Citation: Chase J (2012) Which Came First: Burden of Infectious Disease or Poverty? PLoS Biol 10(12): e1001457. doi:10.1371/journal.pbio.1001457
Published: December 27, 2012
Copyright: © 2012 Jonathan Chase. This is an open-access article distributed under the terms of the Creative Commons Attribution License, which permits unrestricted use, distribution, and reproduction in any medium, provided the original author and source are credited.
Competing interests: The author has declared that no competing interests exist.
These Raja Ampat Islands are thought to have the greatest marine diversity on earth. By exploring islands like these in the Malay Archipelago (modern day Indonesia), Alfred Russell Wallace (the “father of biogeography") discovered the Wallace Line and crafted a theory of evolution by natural selection. Biogeography can play a similarly important role in the search for underlying drivers of economic development.doi:10.1371/journal.pbio.1001457.g001
A few years ago, I was at an event where the CEO of a coal company was giving the keynote extolling the virtues of “green coal". The crux of his argument was that restrictions on carbon emissions from fossil fuels to generate electricity would in fact be quite detrimental, particularly to the world's poorest people. He backed this up by showing positive correlations between the per capita electricity use in a given country and several indices of the quality of the human condition, which he interpreted to mean that electricity usage causes economic prosperity. Although it was clear that he was twisting cause and effect, my statistical rancor didn't reach its limit until he showed that people from countries with lower per capita electricity use were also more likely to suffer from some of the world's worst infectious diseases and had lowered life expectancies. His concluding slide stated “coal-generated electricity is not only good for the economy, but also good for your health".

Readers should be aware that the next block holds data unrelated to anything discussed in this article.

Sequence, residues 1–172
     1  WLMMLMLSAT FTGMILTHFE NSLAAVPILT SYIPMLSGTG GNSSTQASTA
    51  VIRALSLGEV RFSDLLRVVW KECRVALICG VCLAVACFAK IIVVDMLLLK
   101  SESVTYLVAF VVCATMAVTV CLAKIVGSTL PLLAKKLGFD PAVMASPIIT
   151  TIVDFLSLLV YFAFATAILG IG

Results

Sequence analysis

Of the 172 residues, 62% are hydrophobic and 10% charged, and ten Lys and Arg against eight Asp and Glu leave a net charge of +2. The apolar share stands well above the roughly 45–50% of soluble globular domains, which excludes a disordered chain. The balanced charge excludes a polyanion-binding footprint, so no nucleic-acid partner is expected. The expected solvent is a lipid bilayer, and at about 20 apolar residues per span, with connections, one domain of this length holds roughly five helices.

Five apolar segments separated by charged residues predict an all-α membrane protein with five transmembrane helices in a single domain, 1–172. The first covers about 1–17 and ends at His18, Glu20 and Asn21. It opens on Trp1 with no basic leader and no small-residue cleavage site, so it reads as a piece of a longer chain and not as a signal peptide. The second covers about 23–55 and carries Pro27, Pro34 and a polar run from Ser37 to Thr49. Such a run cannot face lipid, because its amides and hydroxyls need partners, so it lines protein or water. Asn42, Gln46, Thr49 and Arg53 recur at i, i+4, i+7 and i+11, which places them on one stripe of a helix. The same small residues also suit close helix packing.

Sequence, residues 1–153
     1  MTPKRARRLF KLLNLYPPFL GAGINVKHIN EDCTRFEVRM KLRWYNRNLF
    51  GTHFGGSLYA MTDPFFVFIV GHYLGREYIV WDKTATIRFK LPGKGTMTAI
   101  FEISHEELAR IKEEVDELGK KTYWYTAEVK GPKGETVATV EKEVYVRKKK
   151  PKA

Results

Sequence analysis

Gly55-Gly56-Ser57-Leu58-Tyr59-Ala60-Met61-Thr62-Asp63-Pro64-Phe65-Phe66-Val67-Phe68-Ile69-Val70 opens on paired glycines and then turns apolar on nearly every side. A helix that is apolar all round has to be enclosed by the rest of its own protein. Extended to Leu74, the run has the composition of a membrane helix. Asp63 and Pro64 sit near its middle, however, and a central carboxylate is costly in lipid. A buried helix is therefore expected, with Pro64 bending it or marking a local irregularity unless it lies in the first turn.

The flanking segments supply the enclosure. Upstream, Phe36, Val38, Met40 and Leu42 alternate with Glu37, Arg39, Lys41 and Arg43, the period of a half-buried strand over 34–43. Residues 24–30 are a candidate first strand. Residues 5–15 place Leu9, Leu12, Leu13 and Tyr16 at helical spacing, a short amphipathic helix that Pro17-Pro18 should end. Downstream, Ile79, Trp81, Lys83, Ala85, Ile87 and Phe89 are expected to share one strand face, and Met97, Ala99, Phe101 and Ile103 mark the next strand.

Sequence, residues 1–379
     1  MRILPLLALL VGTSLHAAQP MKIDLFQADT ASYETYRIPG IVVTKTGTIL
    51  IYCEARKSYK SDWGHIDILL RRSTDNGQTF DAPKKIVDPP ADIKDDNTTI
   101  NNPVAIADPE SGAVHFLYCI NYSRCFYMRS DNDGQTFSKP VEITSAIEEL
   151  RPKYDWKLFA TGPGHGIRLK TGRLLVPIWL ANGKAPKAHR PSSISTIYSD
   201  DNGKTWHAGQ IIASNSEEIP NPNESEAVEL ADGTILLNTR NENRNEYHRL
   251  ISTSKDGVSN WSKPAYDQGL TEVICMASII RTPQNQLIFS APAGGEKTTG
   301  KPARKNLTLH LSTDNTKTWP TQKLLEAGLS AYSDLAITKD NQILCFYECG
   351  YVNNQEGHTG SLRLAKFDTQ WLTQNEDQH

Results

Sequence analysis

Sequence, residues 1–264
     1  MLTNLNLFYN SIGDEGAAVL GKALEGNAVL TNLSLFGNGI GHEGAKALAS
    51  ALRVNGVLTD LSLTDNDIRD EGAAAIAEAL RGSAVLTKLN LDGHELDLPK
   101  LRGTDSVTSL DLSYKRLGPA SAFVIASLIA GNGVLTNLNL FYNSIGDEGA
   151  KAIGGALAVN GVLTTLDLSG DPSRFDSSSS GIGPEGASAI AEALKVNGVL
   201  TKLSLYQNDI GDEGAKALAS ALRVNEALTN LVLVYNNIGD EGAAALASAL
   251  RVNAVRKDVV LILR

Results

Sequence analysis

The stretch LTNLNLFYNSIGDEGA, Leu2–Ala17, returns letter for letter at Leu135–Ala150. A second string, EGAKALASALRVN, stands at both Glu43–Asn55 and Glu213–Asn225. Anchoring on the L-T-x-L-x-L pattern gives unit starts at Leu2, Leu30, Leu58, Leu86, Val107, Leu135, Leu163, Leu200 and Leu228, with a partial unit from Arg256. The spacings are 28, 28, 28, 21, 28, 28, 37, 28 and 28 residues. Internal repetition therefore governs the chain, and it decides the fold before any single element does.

Clearly, economics plays a strong role in the burden of infectious diseases. Wealthier countries can invest more in immunizations, control of disease vectors, and treatment following infection, allowing people to live longer, healthier lives, while those in poorer countries are relegated to an often shortened lifetime filled with malady. However, our collective anthropocentric perspective often forgets that we are embedded within a complex ecological web. Nearly two-thirds of the pathogens and parasites that infect humans involve interactions with animals as vectors or alternative hosts. These include some of the worst chronic and emerging diseases we face, including malaria, cholera, and plague. While it's well known that populations with high infectious disease burden are less prosperous, the cause and effect relationships between infectious diseases and prosperity are so intimately intertwined that we have not been able to disentangle whether pathogens drive economies or economies tame pathogens. Said another way, are poor people more likely to get sick, or are sick people more likely to be poor?